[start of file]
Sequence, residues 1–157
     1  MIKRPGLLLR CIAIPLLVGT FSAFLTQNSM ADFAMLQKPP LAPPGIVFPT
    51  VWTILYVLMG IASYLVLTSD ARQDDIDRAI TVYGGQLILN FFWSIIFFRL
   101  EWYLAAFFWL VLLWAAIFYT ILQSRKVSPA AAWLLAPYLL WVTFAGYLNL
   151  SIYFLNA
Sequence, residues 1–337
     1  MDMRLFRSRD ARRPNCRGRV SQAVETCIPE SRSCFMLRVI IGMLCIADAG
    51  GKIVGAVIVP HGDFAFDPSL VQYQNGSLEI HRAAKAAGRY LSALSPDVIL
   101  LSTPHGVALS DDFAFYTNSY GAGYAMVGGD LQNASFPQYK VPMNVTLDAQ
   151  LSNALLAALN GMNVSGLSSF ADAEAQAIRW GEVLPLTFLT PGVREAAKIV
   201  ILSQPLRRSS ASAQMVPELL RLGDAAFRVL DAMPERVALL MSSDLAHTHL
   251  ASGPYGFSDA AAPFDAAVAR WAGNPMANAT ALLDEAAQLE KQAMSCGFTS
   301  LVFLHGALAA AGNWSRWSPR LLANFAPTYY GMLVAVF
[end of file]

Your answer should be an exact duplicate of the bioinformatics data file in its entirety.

Sequence, residues 1–157
     1  MIKRPGLLLR CIAIPLLVGT FSAFLTQNSM ADFAMLQKPP LAPPGIVFPT
    51  VWTILYVLMG IASYLVLTSD ARQDDIDRAI TVYGGQLILN FFWSIIFFRL
   101  EWYLAAFFWL VLLWAAIFYT ILQSRKVSPA AAWLLAPYLL WVTFAGYLNL
   151  SIYFLNA
Sequence, residues 1–337
     1  MDMRLFRSRD ARRPNCRGRV SQAVETCIPE SRSCFMLRVI IGMLCIADAG
    51  GKIVGAVIVP HGDFAFDPSL VQYQNGSLEI HRAAKAAGRY LSALSPDVIL
   101  LSTPHGVALS DDFAFYTNSY GAGYAMVGGD LQNASFPQYK VPMNVTLDAQ
   151  LSNALLAALN GMNVSGLSSF ADAEAQAIRW GEVLPLTFLT PGVREAAKIV
   201  ILSQPLRRSS ASAQMVPELL RLGDAAFRVL DAMPERVALL MSSDLAHTHL
   251  ASGPYGFSDA AAPFDAAVAR WAGNPMANAT ALLDEAAQLE KQAMSCGFTS
   301  LVFLHGALAA AGNWSRWSPR LLANFAPTYY GMLVAVF